This past week, Matt Swartz published a 2 part series of articles at Fangraphs that examined historical WAR value assumptions and what the actual numbers were. It is a fantastic 2-parter, especially the second part that I linked. It’s the kind of article that you really need to read, ponder for a minute or two, and then re-read it again to process the info.
To streamline the article, Swartz feels that the $/WAR has actually been undervalued historically. He shows the WAR values accumulated by free agents and what the $/WAR is for each year, plus the $/WAR if you factor in the cost of the compensatory picks associated with signing those free agents as well.
Swartz’s conclusion that WAR has been undervalued actually gave me pause, because I’ve felt that in recent years it has actually been overvalued. But his numbers and methodology are sound, so I have to change my way of thinking and start to accept these new numbers. Swartz feels that the $/WAR for 2012 is actually $6.3 million if you include draft picks. He allows a 9.4% reduction if you exclude draft pick compensation, which I would like to do as I feel the new CBA is going to severely limit how many free agents get arbitration offers from their old teams (a team has to make a $12.6M qualifying offer), so that gives a number of $5.7M/win.
One of the other interesting nuggets from the Swartz article is his breakdown of how free agents performed from 2007 to 2011 based on the tier of their average annual value: greater than $15M, between $10M and $15M, $5M to $10M, and less than $5M. His research shows that players in the wobbly middle class of $10M to $15M actually performed the least effectively, needing $6.5M/win. The best value? The free agents in the less than $5M category are paid only $3.6M/win.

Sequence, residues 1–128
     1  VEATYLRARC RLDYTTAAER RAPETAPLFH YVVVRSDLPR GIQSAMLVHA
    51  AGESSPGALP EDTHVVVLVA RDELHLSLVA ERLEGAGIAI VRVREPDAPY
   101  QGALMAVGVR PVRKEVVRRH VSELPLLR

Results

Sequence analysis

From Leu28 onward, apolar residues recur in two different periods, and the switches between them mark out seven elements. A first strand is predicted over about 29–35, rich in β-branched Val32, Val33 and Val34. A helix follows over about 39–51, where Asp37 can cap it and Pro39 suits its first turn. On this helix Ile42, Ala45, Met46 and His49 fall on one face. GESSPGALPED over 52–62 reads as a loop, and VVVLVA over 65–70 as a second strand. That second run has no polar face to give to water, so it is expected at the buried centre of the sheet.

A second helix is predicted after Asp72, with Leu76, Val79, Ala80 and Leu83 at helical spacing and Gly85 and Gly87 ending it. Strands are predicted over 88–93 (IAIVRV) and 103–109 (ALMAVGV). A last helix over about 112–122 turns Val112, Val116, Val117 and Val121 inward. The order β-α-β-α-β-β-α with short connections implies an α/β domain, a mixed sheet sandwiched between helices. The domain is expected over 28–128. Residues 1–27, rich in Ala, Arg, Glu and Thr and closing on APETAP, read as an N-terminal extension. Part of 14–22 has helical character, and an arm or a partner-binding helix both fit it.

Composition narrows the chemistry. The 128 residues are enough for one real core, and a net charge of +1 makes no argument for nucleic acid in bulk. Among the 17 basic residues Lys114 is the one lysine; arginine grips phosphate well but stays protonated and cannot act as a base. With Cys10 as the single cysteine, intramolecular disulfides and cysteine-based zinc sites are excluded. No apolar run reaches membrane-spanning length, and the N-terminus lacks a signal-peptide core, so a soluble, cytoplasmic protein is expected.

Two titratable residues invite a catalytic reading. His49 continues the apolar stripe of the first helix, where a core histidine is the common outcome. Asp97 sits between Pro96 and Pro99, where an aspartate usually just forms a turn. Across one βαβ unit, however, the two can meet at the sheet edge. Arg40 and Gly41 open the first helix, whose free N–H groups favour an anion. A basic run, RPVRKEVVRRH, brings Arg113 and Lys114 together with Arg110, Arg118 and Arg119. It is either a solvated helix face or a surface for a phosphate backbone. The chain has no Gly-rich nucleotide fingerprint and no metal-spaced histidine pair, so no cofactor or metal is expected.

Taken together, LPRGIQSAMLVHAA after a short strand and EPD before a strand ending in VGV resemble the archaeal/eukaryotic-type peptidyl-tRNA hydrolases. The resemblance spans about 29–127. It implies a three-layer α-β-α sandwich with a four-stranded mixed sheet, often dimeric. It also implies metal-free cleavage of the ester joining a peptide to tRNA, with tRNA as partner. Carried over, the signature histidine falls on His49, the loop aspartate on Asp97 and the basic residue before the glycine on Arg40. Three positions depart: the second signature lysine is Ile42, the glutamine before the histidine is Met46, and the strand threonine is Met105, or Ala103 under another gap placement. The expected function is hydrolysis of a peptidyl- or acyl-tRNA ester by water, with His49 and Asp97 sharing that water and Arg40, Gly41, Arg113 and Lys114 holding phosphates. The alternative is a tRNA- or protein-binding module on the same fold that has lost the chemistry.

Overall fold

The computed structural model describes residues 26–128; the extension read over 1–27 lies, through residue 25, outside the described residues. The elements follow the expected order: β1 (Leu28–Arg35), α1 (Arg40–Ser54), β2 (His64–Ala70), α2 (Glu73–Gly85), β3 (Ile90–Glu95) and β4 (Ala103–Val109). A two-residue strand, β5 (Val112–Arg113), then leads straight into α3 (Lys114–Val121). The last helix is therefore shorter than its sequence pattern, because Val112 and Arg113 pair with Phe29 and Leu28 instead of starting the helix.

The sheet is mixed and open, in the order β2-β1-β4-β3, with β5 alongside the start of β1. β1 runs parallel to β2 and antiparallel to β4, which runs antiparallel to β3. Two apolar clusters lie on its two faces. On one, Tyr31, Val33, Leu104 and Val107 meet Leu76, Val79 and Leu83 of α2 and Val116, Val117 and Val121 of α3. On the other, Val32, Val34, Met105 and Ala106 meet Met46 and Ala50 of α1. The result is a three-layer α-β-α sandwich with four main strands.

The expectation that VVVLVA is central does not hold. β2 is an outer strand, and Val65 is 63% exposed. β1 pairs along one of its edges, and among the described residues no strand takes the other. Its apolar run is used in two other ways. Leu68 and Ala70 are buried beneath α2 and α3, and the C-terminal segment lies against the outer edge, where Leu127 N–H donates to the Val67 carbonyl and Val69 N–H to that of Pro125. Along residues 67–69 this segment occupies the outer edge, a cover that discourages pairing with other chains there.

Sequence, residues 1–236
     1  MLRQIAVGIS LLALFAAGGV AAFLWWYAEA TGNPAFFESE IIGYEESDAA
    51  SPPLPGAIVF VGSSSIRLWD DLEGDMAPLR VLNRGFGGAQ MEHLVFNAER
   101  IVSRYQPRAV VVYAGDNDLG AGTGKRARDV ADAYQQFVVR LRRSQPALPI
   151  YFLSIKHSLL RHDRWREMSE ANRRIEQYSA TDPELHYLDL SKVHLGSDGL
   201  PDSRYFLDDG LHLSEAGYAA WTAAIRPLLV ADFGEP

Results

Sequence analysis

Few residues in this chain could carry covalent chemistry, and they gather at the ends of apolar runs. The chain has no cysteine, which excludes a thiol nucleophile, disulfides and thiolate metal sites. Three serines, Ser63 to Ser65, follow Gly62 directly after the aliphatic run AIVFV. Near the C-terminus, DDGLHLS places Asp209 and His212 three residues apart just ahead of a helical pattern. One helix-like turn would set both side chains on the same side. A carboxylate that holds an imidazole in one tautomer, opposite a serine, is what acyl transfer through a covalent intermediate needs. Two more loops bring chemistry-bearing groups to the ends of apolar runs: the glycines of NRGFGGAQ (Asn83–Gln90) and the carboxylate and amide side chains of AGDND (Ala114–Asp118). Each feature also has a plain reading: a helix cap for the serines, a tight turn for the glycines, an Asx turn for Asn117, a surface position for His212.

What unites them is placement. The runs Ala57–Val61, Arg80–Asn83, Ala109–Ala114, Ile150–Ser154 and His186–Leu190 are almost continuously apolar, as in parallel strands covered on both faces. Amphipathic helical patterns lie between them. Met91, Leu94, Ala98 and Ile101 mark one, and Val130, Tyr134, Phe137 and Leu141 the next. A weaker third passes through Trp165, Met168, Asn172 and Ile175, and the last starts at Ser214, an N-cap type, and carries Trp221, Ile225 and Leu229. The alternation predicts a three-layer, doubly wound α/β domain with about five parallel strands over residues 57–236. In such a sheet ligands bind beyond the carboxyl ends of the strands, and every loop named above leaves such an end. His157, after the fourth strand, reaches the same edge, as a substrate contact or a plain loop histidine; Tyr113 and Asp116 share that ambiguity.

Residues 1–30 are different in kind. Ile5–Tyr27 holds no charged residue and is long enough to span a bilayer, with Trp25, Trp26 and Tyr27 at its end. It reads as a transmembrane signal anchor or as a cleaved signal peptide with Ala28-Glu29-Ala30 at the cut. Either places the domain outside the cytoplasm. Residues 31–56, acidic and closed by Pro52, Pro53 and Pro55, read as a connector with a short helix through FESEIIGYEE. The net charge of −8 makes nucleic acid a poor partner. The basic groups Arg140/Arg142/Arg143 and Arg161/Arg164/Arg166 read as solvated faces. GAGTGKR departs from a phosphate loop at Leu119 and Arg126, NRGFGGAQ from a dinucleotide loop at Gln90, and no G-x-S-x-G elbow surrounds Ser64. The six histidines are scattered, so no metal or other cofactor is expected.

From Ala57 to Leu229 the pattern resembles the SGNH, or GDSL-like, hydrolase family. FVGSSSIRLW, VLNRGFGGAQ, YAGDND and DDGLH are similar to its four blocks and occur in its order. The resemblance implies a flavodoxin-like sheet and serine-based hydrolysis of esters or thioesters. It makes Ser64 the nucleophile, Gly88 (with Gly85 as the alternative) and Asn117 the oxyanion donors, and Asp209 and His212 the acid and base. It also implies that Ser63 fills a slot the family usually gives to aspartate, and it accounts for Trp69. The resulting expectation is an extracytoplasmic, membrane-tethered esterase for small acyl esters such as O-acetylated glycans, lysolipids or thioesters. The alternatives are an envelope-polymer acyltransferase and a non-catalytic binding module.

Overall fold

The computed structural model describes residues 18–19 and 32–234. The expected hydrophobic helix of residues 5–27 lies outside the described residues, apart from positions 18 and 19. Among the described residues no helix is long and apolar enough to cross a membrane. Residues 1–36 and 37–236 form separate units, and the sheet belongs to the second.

Hopefully this bodes well for Erik Bedard ($4.5M) and Rod Barajas ($4M). Clint Barmes ($5.25M average value) just misses this bargain bin category. Using the $5.7M/WAR figure for 2012, you can see that all of these players, plus A.J. Burnett at $5M in 2012, only need to provide 1 WAR each to justify their contracts this year.
But how will this new value affect future contract extensions for the Pirates, specifically Andrew McCutchen? Back in December, Tim examined the potential value of an extension for McCutchen. At that time, Tim felt that 6 years/$51M was a fair value for McCutchen using Justin Upton’s contract as a baseline. However, historically we have used $5M/WAR here at Pirates Prospects.
The other issue, and probably the one that the Pirates and McCutchen’s agent are wrestling with, is what is McCutchen’s ultimate ceiling. In 2011, McCutchen tantalizingly produced 5.7 WAR, but you were left feeling that he had another gear not fully being used. If we use 5.7 WAR as the baseline for 2012 (his age-25 season) and the $5.7M/WAR figure, McCutchen’s value would be $32.49M. Considering that he will be paid an estimated $520,000 in 2012, his surplus value would be just under $32M.
Let’s take a look at what McCutchen’s potential next 6 years could look like, with a 5% escalation on WAR per year and upgrading Justin Upton’s existing contract:
|Year||Age||$/WAR||WAR||Value||Est. Salary||Surplus Value|
That totals up to 6 years/$56M and buys out the first 2 years of free agency for the Pirates. You can also see that the Pirates have immense surplus value all throughout the duration of this assumed deal. Even if you add in a $2M signing bonus for McCutchen and bring the deal to $58M, it is still a bargain for what McCutchen would bring to the franchise.
I would still consider a 5 year deal in the low $40M range as a compromise if McCutchen did not want to give up 2 free agency years. At no point would I just buy out his arbitration years, as there is no benefit to the team other than providing cost certainty.